A change for the worse

The menopause is reduced to songs about hot flushes in a lightweight show

<strong>Menopause: the m

As the composition of the audience - 90 per cent female and 60 per cent grey-haired - testified, Menopause: the musical is something of a niche event. And right from the beginning, when a disembodied voice implored us to "put your mobile phones and pagers . . . on to vibrate!", it was clear that it is fully intended to be a jolly night out for the laydeez.

This "cult" show was born in Florida six years ago and is now running at various theatres across the world. To understand what it is about, simply deconstruct the title, because Menopause: the musical is nothing much more than 100 minutes of theatre purely constructed around the notion of jokey songs about the change of life. Twenty or so famous pop songs have had their lyrics parodied to deal with those problems that affect women at around the age of 50. Cue a lot of warbling about hot flushes, weight gain, night sweats, hot flushes (again), weepiness, forgetfulness, hot flushes (once more); indeed, the whole menopause shebang is thoroughly ironed out, dressed down, made up, made over and finally sent out into the night in a little black dress to a rousing rendition of "YMCA".

However, as Mamma Mia! so triumphantly proves, there's more behind a rousing musical than just the ability to thread well-known songs together. Neither character nor plot, nor even imaginative location, was on hand to raise MTM from the level of school skit, as it moved seamlessly from Sixties hit tune to Sixties hit tune. We were presented with an array of menopausal stereotypes - the ageing soap actress, the power woman, the earth mother, and a housewife from oop north. Since the plot never made it clear if these women were old friends or people who had just bumped into one another, there was no sense of any forged relationship or bonding experience. They simply spent their time singing about their hot flushes in parts of M&S (presumably for sponsorship reasons). We moved from Ladies to Lingerie, via Hats, Nightwear and Café Revive, in an inexorable circle of consumerism. It was a bit like Are You Being Served? without the wit.

The problem with the show is the subject matter, and yet not the subject matter. Clearly, the originators of MTM thought that the menopause was a shockingly original subject to bring to the stage. True, it is a largely undiscussed female experience, more covertly embarrassing than anything previously dramatised, even by the reasonably high embarrassment standards of The Vagina Monologues. But musicals can breezily encompass absolutely everything and anything in the genre, from the lives of the Mitford sisters to a futuristic version of The Tempest, so the comic shock value of singing about female hormonal change was never going to last longer than the first song.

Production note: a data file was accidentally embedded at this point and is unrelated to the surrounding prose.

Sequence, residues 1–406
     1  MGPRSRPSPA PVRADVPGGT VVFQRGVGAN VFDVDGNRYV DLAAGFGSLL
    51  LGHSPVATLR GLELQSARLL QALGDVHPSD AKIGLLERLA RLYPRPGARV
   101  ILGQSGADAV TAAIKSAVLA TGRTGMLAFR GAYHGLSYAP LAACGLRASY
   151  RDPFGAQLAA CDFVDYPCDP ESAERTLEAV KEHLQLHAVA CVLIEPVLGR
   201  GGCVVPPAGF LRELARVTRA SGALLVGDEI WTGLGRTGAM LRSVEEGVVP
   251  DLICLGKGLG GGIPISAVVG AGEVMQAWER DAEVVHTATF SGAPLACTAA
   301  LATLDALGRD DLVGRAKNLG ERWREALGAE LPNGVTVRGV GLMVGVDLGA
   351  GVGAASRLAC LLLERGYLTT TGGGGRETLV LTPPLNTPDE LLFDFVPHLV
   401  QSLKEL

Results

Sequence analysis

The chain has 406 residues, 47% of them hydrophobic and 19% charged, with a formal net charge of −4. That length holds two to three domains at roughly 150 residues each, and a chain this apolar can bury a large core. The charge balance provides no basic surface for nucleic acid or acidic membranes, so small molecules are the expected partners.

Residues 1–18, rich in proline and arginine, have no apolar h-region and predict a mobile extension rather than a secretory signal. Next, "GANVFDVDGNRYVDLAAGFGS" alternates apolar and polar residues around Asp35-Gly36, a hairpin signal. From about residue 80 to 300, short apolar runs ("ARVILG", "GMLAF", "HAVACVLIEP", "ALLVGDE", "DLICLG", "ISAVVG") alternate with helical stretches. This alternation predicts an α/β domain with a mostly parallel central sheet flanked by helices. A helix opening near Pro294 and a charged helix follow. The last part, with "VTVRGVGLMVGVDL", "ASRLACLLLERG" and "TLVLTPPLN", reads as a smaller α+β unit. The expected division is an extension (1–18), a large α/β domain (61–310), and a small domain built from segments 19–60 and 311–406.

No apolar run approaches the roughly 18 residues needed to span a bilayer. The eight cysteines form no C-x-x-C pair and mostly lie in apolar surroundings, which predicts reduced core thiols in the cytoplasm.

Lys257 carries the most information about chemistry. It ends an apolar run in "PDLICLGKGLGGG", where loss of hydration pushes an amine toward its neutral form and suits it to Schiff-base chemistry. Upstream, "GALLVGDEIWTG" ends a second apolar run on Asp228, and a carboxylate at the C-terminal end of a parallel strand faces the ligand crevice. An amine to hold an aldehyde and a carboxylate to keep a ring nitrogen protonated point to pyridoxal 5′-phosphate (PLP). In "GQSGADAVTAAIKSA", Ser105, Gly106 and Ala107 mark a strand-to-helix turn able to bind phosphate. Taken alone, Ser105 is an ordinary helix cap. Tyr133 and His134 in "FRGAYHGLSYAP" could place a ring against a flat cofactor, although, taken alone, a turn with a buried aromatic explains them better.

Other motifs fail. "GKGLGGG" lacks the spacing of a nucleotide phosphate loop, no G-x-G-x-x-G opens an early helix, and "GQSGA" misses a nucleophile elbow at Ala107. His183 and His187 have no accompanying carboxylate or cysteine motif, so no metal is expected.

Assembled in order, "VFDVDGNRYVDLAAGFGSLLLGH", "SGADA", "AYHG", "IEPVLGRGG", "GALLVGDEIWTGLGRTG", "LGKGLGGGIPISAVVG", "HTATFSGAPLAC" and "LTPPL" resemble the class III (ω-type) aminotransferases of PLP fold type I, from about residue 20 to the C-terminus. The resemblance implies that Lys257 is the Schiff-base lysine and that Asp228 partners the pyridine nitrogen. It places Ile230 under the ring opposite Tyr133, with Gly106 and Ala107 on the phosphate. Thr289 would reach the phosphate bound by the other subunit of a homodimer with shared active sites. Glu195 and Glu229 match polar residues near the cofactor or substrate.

Having stormed the bastions of politeness by holding the "M" word up high, however, the show really doesn't know what to do with its position. Rather than explore what the menopause means and why so many women thoroughly dread it, or really examine the emotional repercussions of what happens when women are no longer able to bear children, our four leading ladies merely continue singing pop songs about hot flushes.

Compared with Avenue Q, which examines the human need for love and community in the equally bizarre set-up of a children's TV puppet show, Menopause is woefully barren of ideas.

On the plus side, all the cast members can sing rather well, and some of the parodies are hilarious. Gloria Gaynor's anthem "I Will Survive", transformed to "I Am Awake", is delicious, and Su Pollard bewailing the shape of her legs in "My Thighs", done to the tune of "My Guy", is also a laugh. Indeed, for a single mute moment when Pollard inadvisably tries to put on a sexy black camisole over a baggy T-shirt, her face a combination of vulnerability and estrangement, the night seems, at last, briefly to reach its desired target, namely the state of Tired and Emotional.

For further info and booking details visit http://www.theshawtheatre.com

Pick of the week

Rafta, Rafta
Lyttelton Theatre, London SE1
The new play by Ayub Khan-Din, who wrote East Is East.

The Hound of the Baskervilles
Duchess Theatre, London WC2
Hilarious spoof from Peepolykus comes to London at last.

TAG . . . Me vs the City
Peacock Theatre, London WC2
Hip-hop dance theatre from Jonzi D Productions, starring performance poet John Berkavitch as a brilliant but obsessive graffiti writer.

Rosie Millard was previously Arts Editor for the NS and a Theatre Critic. She was the Arts Correspondent for BBC News for 10 years and is now a broadsheet columnist. She lives in London with heaps of small children, which may partially explain her love of going to the theatre.

This article first appeared in the 30 April 2007 issue of the New Statesman, Pakistan: The Taliban takeover